Delta Space Mission (Deaf Crocodile/Grasshopper Films, NR)

Delta Space Mission is, surprisingly, the first Romanian animated film to be released in the United States. With Heavy Metal-esque animation and a wonky electronic soundtrack, it somewhat bends expectations with an unexpectedly slow pace. One of its other clear influences, the writing of Arthur C. Clarke, might explain its slowness. The film follows an ill-fated crew of astronauts who embark on a mission to explore a newly-discovered planet in the year 3084. Things spin out of control when their navigator, a sentient supercomputer, falls in love with an alien journalist named Alma who’s come along for the ride.

Considering its speculative premise and far-out aesthetic, one would actually hope for more overstated motion. Truth be told, the most impressive artwork shows up in the still backgrounds, particularly of the new planet, which somehow relays a comprehensible landscape in the style of an abstract painting. In terms of movement, and going further into general pacing, Delta Space Mission has the more deliberate rhythms of Russian animation, being reminiscent of animated shorts like There Will Come Soft Rains, a 1984 adaptation of a Ray Bradbury story. Réné Laloux’s Fantastic Planet also springs to mind.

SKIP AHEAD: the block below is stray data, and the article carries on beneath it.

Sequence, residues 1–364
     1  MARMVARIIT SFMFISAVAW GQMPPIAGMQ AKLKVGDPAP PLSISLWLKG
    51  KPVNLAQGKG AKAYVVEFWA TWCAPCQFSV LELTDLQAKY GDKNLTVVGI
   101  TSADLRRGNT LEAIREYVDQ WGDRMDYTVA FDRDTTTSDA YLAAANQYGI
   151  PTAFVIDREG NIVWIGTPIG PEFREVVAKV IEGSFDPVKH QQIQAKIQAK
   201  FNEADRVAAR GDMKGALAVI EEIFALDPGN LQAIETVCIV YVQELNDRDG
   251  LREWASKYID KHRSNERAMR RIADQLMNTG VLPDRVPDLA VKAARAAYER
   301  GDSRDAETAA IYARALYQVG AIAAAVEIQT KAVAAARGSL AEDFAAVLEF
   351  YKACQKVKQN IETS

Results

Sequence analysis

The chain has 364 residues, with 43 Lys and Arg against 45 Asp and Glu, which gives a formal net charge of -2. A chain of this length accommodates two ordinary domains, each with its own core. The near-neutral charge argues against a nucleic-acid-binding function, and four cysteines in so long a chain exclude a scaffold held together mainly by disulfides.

It doesn’t quite compare with either of these films, however. Its pacing doesn’t serve a melancholic, contemplative narrative like There Will Come Soft Rains and its psychedelic, Saturday-morning cartoon colors don’t mesh like Laloux’s cohesive and groundbreaking cutout animation. Like Heavy Metal, its soundtrack informs much of what’s on-screen, but the sounds aren’t nearly as rousing.

None of these observations should necessarily be taken as compliments or criticisms, just advisory statements. Delta Space Mission did little to excite this critic, but it’s not without a “vibe.” The depiction of the supercomputer as fundamentally incapable of true sentience and emotional life, but instead only of programmatic obsession that resembles love, does indeed hit a tragic note. The score stands out, creating an odd, sometimes comical tone. There’s an interesting mixture of futuristic and organic structures, from the design of the spaceship to the odd look of Alma’s robot companion, a dog-like creature with a froggy body. It’s playful touches like these that sometimes detract from the heavier themes at play, and ultimately those tragic notes don’t quite overpower the more experimental, unserious aspects of the film.

Animation enthusiasts shouldn’t be deterred from checking out Delta Space Mission. At the very least it raises the possibility of more access to previously unseen films. If this is just the tip of the iceberg of what Romanian animation has to offer, I’m excited to see what else can be dug up. | Nic Champion

Delta Space Mission is distributed on Blu-ray by Deaf Crocodile.

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